And a very big hullo to you too.

Last time I visited Philadelphia was 17 years ago.

Amongst discovering bagels with Philadelphia cream cheese, Subway sandwiches, Yoga that trip; I noticed a lot of morning joggers, walkers and office goers who would smile at my dad and me. They would ask us how we were doing and walk, jog, run away before we could respond.

I found it weird.I would generally shy away. Every other ‘American’ approaching me was like another ‘hullo’ attack to my amused self.

My father would generally wave back. A very extrovert gesture for a very introvert man. That would totally amuse me, more so when he would go on to explain that these strange strangers mean no harm.Instead they are nice to visitors. They were only greeting the tourists.

It is part of American custom I had come to believe.  I came to enjoy the American friendliness, accepting nature and love for tourists.

Over years I have come to hear a lot of anti-American-hullo-culture. It has been called put on, forced, superficial, irritating and needless.

May be, it was all that.

17 years later I have walked the same Delaware river sidewalk for the last 3 weeks.Approximately at the same time that I have done in the past with my dad. The walkers, joggers and office goers are still there.But there are no friendly hullos. There are no smiles.

Makes me wonder if this is the price we pay for war, terrorism, recession, ethnic cleansing, hatred and fear. A lot has happened in the last 17 years. I am trying to understand.

But…

Have we made it impossible for us to trust the next human. Is it now impossible to be tolerant of another faith? Can we no longer accept another colour?

I am forced to wonder.

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5 Comments

Filed under Camaraderie, Confusion, Culture, Disappointments, Emotions, Expectations, Experiences, Fears, Life, Pain, People, Questions., Rants, Sad, Thoughts

5 responses to “And a very big hullo to you too.

  1. Till 1968, coloured people were segregated in US.
    Considered inferior, untouchable.
    Many lives were lost, before they were reluctantly given equal rights.
    Since then how many ‘hullos’ were exchanged in genuine friendship?

    Surely not all, it could only have been a few.
    For if their was genuineness in that friendship,
    it would have withstood
    whatever test it has been put through in the past few years.
    It obviously didn’t.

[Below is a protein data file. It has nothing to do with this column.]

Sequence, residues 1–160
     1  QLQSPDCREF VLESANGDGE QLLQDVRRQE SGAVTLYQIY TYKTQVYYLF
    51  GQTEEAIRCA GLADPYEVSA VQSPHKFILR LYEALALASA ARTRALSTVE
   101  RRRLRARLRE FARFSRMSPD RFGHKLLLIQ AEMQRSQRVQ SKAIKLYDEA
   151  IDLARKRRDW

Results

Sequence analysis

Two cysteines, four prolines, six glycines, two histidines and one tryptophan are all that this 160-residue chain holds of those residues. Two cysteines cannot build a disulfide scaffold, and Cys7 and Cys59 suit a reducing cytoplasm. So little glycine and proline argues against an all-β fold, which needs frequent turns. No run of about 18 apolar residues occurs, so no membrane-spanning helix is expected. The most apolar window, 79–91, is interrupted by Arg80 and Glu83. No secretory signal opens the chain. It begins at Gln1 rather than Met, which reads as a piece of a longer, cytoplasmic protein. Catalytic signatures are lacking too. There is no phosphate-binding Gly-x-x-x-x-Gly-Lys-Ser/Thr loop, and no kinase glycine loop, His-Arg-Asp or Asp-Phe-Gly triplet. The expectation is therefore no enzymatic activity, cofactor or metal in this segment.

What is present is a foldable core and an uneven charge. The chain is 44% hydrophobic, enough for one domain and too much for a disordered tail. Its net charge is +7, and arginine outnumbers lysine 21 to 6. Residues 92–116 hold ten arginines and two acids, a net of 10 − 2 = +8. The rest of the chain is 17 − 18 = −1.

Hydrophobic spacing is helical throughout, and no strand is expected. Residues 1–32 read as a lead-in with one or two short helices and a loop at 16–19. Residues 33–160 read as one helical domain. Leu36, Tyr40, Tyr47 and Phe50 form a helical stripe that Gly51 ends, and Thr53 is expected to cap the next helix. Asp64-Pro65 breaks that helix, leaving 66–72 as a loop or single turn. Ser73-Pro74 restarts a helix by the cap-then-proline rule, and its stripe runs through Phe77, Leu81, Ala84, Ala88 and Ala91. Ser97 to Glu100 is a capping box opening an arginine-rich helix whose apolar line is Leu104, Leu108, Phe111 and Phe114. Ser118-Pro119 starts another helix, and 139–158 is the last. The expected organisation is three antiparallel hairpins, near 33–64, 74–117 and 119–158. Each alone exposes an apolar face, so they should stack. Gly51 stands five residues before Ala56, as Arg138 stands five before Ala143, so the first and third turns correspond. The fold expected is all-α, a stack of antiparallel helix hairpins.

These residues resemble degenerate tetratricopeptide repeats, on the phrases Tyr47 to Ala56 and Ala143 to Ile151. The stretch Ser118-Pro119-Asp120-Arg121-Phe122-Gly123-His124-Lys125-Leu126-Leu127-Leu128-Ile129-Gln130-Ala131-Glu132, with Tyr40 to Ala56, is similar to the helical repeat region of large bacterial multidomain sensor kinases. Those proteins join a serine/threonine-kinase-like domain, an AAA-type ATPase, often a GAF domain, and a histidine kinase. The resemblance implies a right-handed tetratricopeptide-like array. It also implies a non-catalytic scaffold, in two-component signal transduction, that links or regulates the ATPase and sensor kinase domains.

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  2. Oh well that’s just too bad. People everywhere are too guarded now, not as open & friendly as before, so I am not sure the lack of hellos are because of one’s skin colour.

    As a child you were a cutie pie (I have a vague memory) & so probably irresistible to pass by without saying hello. While I don’t say hi to adults on the streets, I definitely smile & say hello to a child. For if don’t let the children know that there are friendly happy faces out there, their view of the world is a much sadder & scarier one. Take yourself for eg: you look back at that time & see it as a happy friendly one…Now it’s our turn to make that friendly gesture on to the little ones of today, especially the world of today.

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  3. ya it’s so much nicer when ppl just look at each other and say hi..and i don’t mean the types like the grocery clerks who just randomly ask “hi how are u doing” in a stereotyped way, i mean the real ones with a smile on their face…for me, the american experience is just over a yr old so i don’t really know if things have changed…but i don’t think it’s a color issue..

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  4. Apy

    Phew!!.. itna saara Homework.. Jus finished reading all the posts in your brand new blog.. well fr me it is brand new 😛 … Good to know that you are doin fine… Keep rockin….

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  5. Yeah, it is these incidents which are to blame for people turning cold. !

    Nevertheless, I hope you are enjoying your stay in US.

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